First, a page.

CFP: 45th International Congress on Medieval Studies, May 13-16, 2010 Special Session, “Susanna and the Elders: Medieval to Early Modern”
The story of Susanna and the Elders has always been a little suspect. After all, its sources weren’t Hebrew, but Greek. In Jerome’s edition it wasn’t even considered part of the true Bible: instead, it appears as an appendix to the Book of Daniel. But the story’s association with the prophet Daniel, and its vivid, economical–even miraculous, narrative made it a lively model for the moral inculcation of youth, especially young women.
Why Susanna? Susanna’s plot is inherently dramatic. It lends itself to an easy excuse to portray the female nude. Its emphasis on the strength of faith alone makes it popular with reformers of all denominations, and the crux of its plot hangs on how the testimony of witnesses is collected–and the importance of a tree. To us today, the story appeals to interests from a range of disciplines–literary study, legal history, art history, codicology.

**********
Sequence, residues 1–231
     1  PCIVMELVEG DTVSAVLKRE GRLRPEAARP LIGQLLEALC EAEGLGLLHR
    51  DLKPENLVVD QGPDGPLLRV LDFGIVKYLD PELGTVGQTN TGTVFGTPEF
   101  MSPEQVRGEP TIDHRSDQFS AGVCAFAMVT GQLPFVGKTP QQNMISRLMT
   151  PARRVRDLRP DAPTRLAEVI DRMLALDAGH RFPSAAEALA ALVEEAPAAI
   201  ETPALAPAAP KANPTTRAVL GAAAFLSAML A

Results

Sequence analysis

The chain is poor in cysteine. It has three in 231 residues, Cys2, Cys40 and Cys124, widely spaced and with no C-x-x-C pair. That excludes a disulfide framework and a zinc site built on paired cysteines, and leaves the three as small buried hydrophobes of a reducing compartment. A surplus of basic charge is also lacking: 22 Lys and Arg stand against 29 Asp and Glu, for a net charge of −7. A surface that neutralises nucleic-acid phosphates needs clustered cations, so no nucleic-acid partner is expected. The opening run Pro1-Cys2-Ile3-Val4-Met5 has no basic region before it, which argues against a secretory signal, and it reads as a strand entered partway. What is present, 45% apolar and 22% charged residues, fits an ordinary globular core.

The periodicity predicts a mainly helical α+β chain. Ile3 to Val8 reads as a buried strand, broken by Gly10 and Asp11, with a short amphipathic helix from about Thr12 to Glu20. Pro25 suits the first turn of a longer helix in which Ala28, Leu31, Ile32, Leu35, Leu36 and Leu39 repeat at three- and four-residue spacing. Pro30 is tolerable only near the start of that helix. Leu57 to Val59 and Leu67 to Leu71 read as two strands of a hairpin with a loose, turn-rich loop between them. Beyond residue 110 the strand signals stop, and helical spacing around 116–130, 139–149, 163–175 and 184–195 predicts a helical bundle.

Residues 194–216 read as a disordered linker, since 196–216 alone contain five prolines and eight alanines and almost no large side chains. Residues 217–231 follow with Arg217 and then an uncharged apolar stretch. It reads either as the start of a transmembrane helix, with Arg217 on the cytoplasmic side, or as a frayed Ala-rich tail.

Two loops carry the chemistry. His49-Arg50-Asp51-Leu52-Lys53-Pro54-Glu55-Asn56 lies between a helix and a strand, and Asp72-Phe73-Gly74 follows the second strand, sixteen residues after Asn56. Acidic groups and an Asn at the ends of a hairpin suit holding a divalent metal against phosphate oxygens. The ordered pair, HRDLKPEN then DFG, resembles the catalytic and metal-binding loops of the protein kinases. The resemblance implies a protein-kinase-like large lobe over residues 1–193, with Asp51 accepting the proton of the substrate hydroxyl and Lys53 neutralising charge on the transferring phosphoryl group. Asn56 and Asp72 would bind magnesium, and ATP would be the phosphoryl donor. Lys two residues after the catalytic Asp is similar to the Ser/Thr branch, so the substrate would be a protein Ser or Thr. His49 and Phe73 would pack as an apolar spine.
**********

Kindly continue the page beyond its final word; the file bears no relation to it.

Given ‘her’ popularity and profusion across the 14th, 15th and 16th centuries and across media, it is unusual that so little scholarship has been devoted to that model of a good woman who refused any compromise with her virtue. In an effort to redress that deficiency, we’ve proposed a session on the story of Susanna and the Elders, to put ‘Susanna’ on trial, so to speak. We hope to gather scholars from across fields and periods who are focusing on this story to generate a cross-disciplinary exchange to explore ‘her’ variations, be it in prose, poetry, drama, or art.
Abstracts of 100-250 words, welcome until August 30, 2009. Contact Terry Wade, email@example.com or Jamie Taylor, firstname.lastname@example.org for further information, or to submit an abstract.